Isabelle Prime, 31, had been working in Yemen for the World Bank for about a year when she was kidnapped.
Smiling and wearing a blue cap and sunglasses, Prime stepped out of a French government jet around 1710 GMT and was met by French President Francois Hollande and Foreign Minister Laurent Fabius, as well as several friends and family members.
"My detention lasted about five months, but I knew France was behind me because it never gives up on one of its citizens," Prime said in a brief statement at the airfield outside Paris where she landed. She gave no details about the circumstances of her capture or her time as a hostage.
The state-run Oman News Agency quoted an unidentified official at the Ministry of Foreign Affairs confirming that Prime arrived in the sultanate early Friday in preparation for her repatriation to France. Oman played a role in negotiating her release in coordination with "some Yemeni parties" following a request for help from the French government, according to the report.
Fabius said France paid no ransom.
"France does not pay but we are at the same time very attentive to the human reality. What counts at the end of the chain is that we end up recovering our own," he told BFM television. "You can imagine these are complicated negotiations."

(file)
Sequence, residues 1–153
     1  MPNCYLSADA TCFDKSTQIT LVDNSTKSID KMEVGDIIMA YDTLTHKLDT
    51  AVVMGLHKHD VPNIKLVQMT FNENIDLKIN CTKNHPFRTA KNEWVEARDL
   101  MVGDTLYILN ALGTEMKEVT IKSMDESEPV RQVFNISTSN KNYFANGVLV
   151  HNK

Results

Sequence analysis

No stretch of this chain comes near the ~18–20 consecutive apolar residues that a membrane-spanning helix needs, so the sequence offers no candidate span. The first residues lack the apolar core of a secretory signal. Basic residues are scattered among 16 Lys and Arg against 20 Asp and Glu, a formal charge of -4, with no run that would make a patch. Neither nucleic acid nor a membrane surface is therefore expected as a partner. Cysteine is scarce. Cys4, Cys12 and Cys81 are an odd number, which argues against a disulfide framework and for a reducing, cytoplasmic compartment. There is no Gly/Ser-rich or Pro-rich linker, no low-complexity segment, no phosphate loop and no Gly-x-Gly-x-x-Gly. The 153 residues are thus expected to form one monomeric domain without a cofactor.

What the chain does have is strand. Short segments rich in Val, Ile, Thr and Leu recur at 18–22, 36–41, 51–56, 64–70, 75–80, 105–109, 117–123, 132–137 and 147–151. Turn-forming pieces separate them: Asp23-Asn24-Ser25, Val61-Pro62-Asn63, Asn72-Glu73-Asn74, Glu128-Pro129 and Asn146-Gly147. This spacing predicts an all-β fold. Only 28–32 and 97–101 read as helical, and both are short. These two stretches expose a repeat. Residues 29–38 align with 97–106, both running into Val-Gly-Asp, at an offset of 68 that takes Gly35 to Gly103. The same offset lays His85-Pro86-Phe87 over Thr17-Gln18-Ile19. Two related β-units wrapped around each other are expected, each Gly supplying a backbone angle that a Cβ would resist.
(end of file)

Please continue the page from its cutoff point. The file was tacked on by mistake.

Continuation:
Oman borders Yemen and stands apart from its Gulf Arab neighbors in maintaining cordial relations with Iran, which backs the Shiite Houthi rebels fighting in Yemen.
The Arabian Peninsula nation has played a role in facilitating the release of other captives, including American freelance journalist Casey Coombs, who was released by Shiite Houthi rebels earlier this year.
It also was an intermediary in the release of three American hikers detained by Iran along the Iraqi border in 2009. One of the hikers, Sarah Shourd, was released after more than 13 months in custody. Fellow hikers Josh Fattal and Shane Bauer were later convicted as spies but then set free a year after Shourd's release.
Details of Prime's release, including who was holding her, weren't divulged.
Prime was abducted in the rebel-held capital, Sanaa, along with her Yemeni translator, who was released shortly afterward.
Earlier this year, a video surfaced showing Prime pleading for help. In the video, she appeared frail and anguished, and she urged the leaders of France and Yemen to allow her to return to France.
Chaos is rampant in Yemen, with pro-government forces battling Shiite rebels.
Omani and French embassy officials in Muscat could not be reached for further comment, and government offices closed for the local weekend.